Since the release of his debut album, Substantial, in 2004, Volker Bertelmann – aka Hauschka – has, slowly but surely, earned a remarkable reputation as a purveyor of imaginative, distinctive, prepared piano music. This isn’t, to be fair, a heavily populated field, but it’s one he’s made his own, and while some might have dismissed his work early on as a novelty, Bertelmann has proven himself to be uncommonly inventive, coaxing ever more unprecedented, euphonic sounds and rhythms out of his instrument. Even so, on What If – which finds him adding player pianos (also known as pianolas) to his armoury – Bertelmann expands his range even further, defying expectations and delivering what is without doubt his most ingenious album yet.
It’s somewhat astonishing, given his recent schedule, that Bertelmann has found time to record this eighth solo studio album at all. Since 2014’s Abandoned City, the Düsseldorf pianist and former hip hop artist – he was a member of major label duo God’s Favorite Dog in the early 90s – has released a collection of remixes and outtakes from Abandoned City (A NDO C Y) as well as a live album (2.11.14).
Furthermore, Bertelmann has found increasing amounts of work as a soundtrack composer, working on scores for a number of documentaries and feature films as, alongside Dustin O’Halloran, Lion, for which they’ve both been nominated for a Best Soundtrack Oscar. Nonetheless, despite this rush of activity – or perhaps even inspired by it – What If reveals itself as the work of a man hungry to explore new sounds, eager to experiment with new approaches, and undeniably revelling in this irrepressible outpouring of creativity.
For Bertelmann, the opportunity to record another album of his own was a welcome one. “My solo work,” he explains, “is autonomous, and I can choose every step from the beginning without any outside influence. I definitely decided with What If to make a record that might be my most radical. The lyrical piano has disappeared, and the sounds I’m fascinated by – like noise and electronic elements – have taken over.” In practise, this means that this time Bertelmann used an old Roland Jupiter 4 synthesiser and an Eventide H3000 Harmonizer, as well as engaging with his trademark technique of utilising unusual objects – art erasers, for instance – to treat (or ‘prepare’) the piano. More importantly, however – and in a break from his traditional methodology – he programmed parts for player pianos, exploiting the speed at which they could play, manipulating the resulting sounds, and building layers to emphasise a composition’s metre.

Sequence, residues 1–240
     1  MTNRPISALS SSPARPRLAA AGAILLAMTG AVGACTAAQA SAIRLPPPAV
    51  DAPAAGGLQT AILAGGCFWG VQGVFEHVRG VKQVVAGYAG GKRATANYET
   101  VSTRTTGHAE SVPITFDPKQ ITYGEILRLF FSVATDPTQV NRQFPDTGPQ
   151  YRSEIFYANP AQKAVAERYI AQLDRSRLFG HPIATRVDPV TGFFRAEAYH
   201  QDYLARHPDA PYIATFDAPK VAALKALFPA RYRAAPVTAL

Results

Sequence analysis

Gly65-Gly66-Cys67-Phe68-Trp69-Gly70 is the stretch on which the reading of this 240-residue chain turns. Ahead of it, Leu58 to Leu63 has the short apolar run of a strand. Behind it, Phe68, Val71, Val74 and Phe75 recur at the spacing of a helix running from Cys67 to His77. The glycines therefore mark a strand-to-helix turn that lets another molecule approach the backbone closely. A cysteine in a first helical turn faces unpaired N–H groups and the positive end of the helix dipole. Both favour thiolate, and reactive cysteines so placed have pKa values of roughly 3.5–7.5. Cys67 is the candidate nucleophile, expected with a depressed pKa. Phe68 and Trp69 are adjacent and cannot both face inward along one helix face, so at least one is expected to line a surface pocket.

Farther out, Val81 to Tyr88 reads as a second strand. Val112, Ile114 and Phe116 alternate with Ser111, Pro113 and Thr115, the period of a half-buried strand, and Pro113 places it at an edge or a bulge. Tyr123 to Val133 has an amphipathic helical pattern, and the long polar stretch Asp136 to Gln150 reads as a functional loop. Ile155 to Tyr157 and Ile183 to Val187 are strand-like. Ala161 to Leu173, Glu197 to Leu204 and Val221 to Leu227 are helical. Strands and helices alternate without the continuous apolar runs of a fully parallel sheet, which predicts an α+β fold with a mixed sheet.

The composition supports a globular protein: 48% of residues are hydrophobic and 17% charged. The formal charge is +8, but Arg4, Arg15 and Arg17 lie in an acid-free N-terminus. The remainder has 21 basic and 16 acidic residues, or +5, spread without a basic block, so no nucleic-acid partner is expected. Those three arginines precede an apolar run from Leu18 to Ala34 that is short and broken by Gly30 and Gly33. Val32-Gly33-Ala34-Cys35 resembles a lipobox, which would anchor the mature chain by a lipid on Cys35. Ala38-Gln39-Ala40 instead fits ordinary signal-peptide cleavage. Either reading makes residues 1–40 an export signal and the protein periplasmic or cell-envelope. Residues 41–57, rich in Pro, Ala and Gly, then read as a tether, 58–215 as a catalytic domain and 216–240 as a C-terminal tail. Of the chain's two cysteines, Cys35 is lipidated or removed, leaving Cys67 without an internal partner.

Not for the first time, Bertelmann decided to construct his new record around a conceptual framework. But while, for example, 2011’s Salon Des Amateurs employed the prepared piano’s percussive qualities to explore his love of house and techno music, What If aims to provoke reflection beyond the musical sphere with the titles of the both the album and its individual tracks. “I had the idea of doing an album that is, in a way, a statement about the world in which we’re living and in which I see my kids growing up,” Bertelmann says.
Overflowing with haunting melodies (“I Can’t Express My Love”, “Familiar Things Disappear”), mysterious sounds (“I Can’t Find Water”, “My Kids Live On Mars”), complex patterns (“Constant Growth Fails”, “Nature Fights Back”) and a rare dexterity that’s hopefully matched by the intellectual response to the challenging scenarios its titles envisage, What If crowns an extraordinary couple of years for Bertelmann. Arguably, in fact, it represents the culmination of everything he’s worked towards these past dozen or so years. “I was always attracted by hip hop, deep rhythms and weird sci-fi electronica” he concludes. “What If is a result out of both that and the hundreds and hundreds of concerts I’ve played, where I developed a way of mixing all these elements together.”
Likely to prove one of 2017’s most original albums, while at the same time inspiring questions about the very nature of the world we inhabit, What If redefines the very notion of piano music in a dramatic and exceptional fashion. It stands as a rebuttal to those who lazily seek to shoehorn Hauschka’s work into the so-called, uncomfortably broad ‘new classical’ category, and instead underlines his status as a unique and invaluable artist.